About 83% of fleas develop at the base of carpets in the home (Byron, 1987). Larvae are capable of moving at least 46 cm in carpet (Osbrink, personal communication, cited in Rust and Dryden, 1997). Kern (1991) similarly reported that larvae would crawl several inches to avoid light and were observed to burrow an average of 2.36 mm into the sand, reaching a maximum depth of 7.5 mm. But despite all this ability to move, Byron’s (1987) observation is still to be supported that first instars do not move far from the point of eclosion. The dispersion of the immature stages is mainly governed by the habits of the host (Dryden and Rust, 1994).
Larvae feed on adult flea faeces. Adults guarantee sufficient nutrition of the larvae by imbibing much more blood from their host than they can use (Moser et al., 1991). Not only the amount of blood consumed, but also the obligate blood meal before every egg deposition means that nutrition for the offspring is guaranteed (Strenger, 1973). Faasch (1935) reported that the imaginal flea gut can only contain 5mm3, but that several times as much is consumed and excreted as blood faeces.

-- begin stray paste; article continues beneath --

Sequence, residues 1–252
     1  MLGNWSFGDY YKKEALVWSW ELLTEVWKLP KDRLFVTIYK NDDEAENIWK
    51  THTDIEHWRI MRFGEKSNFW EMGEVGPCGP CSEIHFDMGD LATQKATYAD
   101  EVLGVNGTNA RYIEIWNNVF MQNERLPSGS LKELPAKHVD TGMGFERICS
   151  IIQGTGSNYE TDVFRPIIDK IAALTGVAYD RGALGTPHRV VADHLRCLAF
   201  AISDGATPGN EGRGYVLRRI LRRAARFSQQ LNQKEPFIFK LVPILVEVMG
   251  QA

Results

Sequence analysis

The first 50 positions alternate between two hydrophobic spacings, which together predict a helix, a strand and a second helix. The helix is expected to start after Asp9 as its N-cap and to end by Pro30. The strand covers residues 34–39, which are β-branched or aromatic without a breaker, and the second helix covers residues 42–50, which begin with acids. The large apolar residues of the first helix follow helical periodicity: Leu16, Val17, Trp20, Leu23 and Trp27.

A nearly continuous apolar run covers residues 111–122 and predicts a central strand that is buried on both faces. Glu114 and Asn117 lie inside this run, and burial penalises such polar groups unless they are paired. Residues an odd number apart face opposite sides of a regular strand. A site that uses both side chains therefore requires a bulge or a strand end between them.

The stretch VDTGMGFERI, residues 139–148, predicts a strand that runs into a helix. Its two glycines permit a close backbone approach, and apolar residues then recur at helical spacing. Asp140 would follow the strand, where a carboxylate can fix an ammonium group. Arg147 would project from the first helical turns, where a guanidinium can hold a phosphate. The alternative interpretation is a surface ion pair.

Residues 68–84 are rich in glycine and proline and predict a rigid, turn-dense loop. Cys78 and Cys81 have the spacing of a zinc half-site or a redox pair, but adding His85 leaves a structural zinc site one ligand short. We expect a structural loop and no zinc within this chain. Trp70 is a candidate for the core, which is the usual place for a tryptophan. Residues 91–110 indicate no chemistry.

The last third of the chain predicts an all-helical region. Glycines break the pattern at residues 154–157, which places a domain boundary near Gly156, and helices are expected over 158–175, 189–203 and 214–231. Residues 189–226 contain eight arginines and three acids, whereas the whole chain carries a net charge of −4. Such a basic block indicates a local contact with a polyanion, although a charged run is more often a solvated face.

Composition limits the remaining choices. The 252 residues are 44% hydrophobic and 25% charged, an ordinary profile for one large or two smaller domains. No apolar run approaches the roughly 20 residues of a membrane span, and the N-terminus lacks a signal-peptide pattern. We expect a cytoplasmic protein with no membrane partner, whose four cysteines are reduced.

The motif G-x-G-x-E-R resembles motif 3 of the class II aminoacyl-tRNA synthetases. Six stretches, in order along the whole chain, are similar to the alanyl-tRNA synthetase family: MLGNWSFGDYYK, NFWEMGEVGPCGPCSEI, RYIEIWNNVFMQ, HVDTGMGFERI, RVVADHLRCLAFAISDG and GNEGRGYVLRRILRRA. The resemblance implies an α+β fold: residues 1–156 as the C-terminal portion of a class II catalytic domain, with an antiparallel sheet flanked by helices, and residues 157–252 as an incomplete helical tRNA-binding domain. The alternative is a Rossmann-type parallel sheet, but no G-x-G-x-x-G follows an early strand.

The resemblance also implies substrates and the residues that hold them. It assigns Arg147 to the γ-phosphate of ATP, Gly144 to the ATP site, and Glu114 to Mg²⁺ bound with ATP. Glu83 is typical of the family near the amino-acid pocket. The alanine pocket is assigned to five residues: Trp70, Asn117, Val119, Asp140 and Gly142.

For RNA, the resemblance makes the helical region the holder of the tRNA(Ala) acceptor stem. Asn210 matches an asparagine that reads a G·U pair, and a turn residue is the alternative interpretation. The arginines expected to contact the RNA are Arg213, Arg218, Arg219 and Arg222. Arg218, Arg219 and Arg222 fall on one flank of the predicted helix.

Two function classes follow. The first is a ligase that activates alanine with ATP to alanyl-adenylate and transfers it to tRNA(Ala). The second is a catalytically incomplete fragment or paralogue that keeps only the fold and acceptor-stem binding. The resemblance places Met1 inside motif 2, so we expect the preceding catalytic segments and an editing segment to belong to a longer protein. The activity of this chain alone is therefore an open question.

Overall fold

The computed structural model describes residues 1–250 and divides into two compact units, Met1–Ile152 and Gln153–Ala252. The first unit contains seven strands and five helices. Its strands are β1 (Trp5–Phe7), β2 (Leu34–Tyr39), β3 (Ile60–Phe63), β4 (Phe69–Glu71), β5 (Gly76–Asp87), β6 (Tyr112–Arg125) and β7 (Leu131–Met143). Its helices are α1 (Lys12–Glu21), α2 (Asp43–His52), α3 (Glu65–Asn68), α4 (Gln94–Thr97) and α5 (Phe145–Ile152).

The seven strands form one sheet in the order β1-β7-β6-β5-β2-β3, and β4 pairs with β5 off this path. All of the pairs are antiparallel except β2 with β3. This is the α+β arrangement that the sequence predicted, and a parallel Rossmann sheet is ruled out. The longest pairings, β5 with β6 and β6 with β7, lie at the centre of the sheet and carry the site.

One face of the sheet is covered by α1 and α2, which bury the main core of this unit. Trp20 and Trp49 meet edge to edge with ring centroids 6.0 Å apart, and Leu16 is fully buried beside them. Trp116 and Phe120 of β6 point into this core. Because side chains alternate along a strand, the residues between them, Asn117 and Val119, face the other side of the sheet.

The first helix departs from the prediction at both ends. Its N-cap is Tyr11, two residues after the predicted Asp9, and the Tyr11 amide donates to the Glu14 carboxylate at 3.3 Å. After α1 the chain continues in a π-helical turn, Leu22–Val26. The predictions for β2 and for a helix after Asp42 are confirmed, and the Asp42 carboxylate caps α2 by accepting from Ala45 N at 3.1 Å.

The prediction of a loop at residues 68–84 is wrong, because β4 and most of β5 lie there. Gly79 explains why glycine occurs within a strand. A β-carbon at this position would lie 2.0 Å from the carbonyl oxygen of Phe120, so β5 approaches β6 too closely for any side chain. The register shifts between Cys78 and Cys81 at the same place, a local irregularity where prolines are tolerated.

Faecal nutrients would be more efficiently utilised and nutrient investment selected for, if a female invested nutrients in her own progeny (i.e. more eggs or more nutrient filled eggs) rather than investing equally in the progeny of conspecifics. However if most larvae are related to the adults that are feeding them, there is a strong selective advantage to nutrient excretion, for it is likely, at least in fleas that inhabit the nests of their hosts, that all of the individuals are related closely (Silverman and Appel, 1994).